Dignity (and disgust)

When we lived in Virginia, I volunteered with a middle school youth group. During the talk / discussion times, inevitably someone would be wiggly, giggly, or distracted with a neighbor. But there were no shaming stern glances or admonitions. Instead, the youth pastor would invite such a one, gently, to go out in the hall if they needed to get themselves together again. It was firm — but truly no sense of shame or scorn at all. It felt so kind, so compassionate, so respectful of the reality of being a kid, so ready to look for a solution instead of for blame.

I would love to live that kind of respect and compassion at all times. Especially in parenting, but really, at all times, with everyone.

But often enough, my first reaction to various behaviors is disapproval, even disgust. Scorn and contempt come more easily to me than I would like them to. At times — more often than I’d like — the scorn even feels like righteous indignation. I feel so certain that the behavior I find so disgusting or revolting or reprehensible or appalling really is that horrid, and — honestly — so must be the person doing the behavior.

It happens more often in parenting — how powerfully many of us have absorbed scorn and shame and revulsion from our culture’s typical ideas about childish misbehavior, especially if echoed in our personal histories.

It’s not always an intense feeling — not always some gigantic towering monster of hatred. Sometimes contempt is snide, little, hardly noticed, just a sniff and a wrinkle of the nose.

It is not easy to escape from under scorn, even in oneself. Living out of compassion and respect is not as easy as deciding to or desiring to.

Some of it is a process of changing our thinking, applying new thoughts to try to shift our perceptions and interpretations of things. The more we understand child development, for example, or how children’s emotions work, the easier it can be to shift our thinking about how we interpret what our kids do and say.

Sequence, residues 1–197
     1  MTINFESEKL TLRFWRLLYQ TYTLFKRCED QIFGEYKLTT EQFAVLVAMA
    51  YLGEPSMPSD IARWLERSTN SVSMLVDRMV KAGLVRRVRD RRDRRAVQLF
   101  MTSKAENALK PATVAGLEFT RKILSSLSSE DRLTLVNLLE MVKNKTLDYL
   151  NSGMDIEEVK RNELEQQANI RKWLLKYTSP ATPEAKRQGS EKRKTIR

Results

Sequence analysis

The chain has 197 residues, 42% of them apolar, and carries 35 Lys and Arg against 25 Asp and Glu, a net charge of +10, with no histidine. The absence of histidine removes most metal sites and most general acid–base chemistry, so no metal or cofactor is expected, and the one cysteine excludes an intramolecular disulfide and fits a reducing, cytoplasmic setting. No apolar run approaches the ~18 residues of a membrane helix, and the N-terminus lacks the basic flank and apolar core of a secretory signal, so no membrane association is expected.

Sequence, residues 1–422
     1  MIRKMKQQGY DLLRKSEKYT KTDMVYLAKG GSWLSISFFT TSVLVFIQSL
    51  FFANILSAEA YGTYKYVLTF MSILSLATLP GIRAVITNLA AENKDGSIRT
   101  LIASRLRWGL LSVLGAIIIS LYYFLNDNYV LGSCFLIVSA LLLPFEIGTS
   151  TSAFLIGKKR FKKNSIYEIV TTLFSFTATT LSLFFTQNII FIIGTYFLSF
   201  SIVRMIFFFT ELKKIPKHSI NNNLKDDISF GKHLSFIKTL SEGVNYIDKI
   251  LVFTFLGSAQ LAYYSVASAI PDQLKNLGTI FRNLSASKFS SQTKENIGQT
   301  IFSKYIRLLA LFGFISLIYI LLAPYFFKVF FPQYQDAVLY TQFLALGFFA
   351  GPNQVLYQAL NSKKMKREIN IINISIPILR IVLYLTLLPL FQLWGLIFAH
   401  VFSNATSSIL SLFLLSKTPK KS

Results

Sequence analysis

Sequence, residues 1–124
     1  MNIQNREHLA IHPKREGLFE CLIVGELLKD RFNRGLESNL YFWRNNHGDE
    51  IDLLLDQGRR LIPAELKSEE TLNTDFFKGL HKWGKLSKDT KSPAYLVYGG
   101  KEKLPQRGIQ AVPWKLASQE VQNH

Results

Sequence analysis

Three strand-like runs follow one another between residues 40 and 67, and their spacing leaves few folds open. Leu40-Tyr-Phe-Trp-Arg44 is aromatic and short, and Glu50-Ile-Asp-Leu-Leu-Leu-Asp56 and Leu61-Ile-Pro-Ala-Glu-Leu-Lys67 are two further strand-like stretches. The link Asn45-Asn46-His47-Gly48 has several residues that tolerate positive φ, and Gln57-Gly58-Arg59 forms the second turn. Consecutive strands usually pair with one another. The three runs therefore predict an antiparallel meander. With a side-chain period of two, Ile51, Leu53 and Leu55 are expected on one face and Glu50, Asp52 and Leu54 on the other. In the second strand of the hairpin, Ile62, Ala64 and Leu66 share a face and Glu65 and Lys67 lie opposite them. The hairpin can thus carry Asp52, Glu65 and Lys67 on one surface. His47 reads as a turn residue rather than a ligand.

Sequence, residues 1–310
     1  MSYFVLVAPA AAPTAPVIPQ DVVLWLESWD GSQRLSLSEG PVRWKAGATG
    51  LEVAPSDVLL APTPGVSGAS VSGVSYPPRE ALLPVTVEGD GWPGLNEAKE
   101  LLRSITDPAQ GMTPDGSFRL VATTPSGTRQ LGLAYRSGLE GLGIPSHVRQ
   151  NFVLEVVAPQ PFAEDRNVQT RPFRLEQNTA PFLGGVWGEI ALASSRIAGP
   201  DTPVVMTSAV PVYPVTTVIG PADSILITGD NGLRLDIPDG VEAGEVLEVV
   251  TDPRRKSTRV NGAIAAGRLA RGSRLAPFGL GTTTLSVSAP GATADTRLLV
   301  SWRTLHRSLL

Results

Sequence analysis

We also need to work on our emotions, not just our thinking. Practicing compassion and respect for ourselves is a good start. Allowing ourselves to feel, to have the complete experience of a feeling. Making time and space for doing good things for ourselves. Seeking out relationships that will feed our souls. Worship and prayer. Therapy. Refraining from judging ourselves. Not even judging ourselves when we notice we’re being judgmental again. Mindfulness.

Anyway… sometimes I find myself feeling scorn or contempt toward Amy, and others, and having a hard time getting out of it again. Working on it.


3 thoughts on “Dignity (and disgust)

  1. I applaud you for the honesty of this post. “Living out of compassion and respect is not as easy as deciding to or desiring to.” That line reminded me of the apostle Paul, who encourages me because even HE couldn’t do what he wanted to do. Thank heavens for grace.

    • Yup! Thanks. It also helps me to be more compassionate of others, whether children or adults, seeing how hard it is for me to escape the internalized scorn.

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